For me, the alleviation of suffering is paramount. Whenever possible, I make that part of my work. I agree with Socrates by way of Plato that education/knowledge can help. Therefore, I created a large bronze book sculpture about the power of knowledge, and Socrates is one of many portraits depicted on it.
What are your hopes and fears for the future of art? What is the best advice ever given you?
You become an artist because you have no choice. You are born with the talent and you realize it is your best and most effective way of expressing yourself. If you are fortunate, you can, as I have, for over 40 years, earn a living at it. But do not become an artist to make money.
Explore an extensive award-winning collection of more than 100 bronze sculptures in public and private collections created over three decades by Zenos Frudakis, including The United States Air Force Memorial Honor Guard and Reverend Dr. Martin Luther King, Jr., and statues from John D. MacArthur and Frank Rizzo to Dame Lois Browne-Evans and Payne Stewart. His work includes sculptures of historic figures such as Benjamin Franklin, Albert Einstein, General Eisenhower and Sir Winston Churchill, as well as contemporary figures like Michael Kahn and Jack Nicklaus.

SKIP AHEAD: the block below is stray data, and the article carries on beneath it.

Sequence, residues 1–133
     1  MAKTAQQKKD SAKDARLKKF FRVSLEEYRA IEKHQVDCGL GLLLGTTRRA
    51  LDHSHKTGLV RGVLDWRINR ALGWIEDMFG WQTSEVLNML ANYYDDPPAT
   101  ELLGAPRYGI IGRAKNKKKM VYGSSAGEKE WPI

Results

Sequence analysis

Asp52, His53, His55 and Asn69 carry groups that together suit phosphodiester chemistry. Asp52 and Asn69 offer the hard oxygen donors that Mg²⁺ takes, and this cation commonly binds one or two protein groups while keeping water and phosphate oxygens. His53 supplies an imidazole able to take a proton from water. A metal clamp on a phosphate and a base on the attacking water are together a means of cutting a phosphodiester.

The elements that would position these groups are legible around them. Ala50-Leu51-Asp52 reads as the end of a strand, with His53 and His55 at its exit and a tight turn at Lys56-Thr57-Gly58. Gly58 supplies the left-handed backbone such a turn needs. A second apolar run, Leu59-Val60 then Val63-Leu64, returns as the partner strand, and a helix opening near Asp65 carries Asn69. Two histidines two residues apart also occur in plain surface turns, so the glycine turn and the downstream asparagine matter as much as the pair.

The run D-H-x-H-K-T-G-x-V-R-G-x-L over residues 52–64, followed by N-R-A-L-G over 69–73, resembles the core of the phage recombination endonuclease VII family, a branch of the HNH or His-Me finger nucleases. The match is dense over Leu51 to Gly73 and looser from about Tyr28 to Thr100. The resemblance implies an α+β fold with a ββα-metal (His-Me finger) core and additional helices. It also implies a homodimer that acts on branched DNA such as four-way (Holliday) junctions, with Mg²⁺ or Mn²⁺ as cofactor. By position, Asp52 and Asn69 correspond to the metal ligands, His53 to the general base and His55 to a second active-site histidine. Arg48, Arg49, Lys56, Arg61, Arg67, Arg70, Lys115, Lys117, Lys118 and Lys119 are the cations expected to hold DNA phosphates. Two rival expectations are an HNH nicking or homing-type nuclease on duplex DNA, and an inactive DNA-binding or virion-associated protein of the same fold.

What is the story behind of idea of the famous "Freedom" sculpture? What does "Freedom" mean to you?
“Eleftheria” (Freedom) has always been important to me, as it has been for Greeks, and for people in general. I realized that down deep everyone wants to be free of something; that the more personal a feeling is, the more universal it is. I wanted to express in sculpture a more philosophical idea. My love of philosophy also began with Greek philosophers.
What is the impact of art to the socio-cultural implications? How do you want your art to affect people?
I have been greatly gratified that over the years many people have told me that my sculptures have been meaningful to them. The Freedom sculpture has received the most attention. People write to us about how it has helped them become free from many things in their lives. Many articles have been written about it, and books reference it as well.
Let’s take a trip with a time machine, so where and why would you really want to go for a whole day?
I would love to go back to read the papyrus scrolls of the Library of Alexandria that housed Greek writings which are now lost to us.
(Photo: Zenos Frudakis with Rev. Dr. Martin Luther King Jr. & Nina Simone sculpture / Artwork by Zenos Frudakis)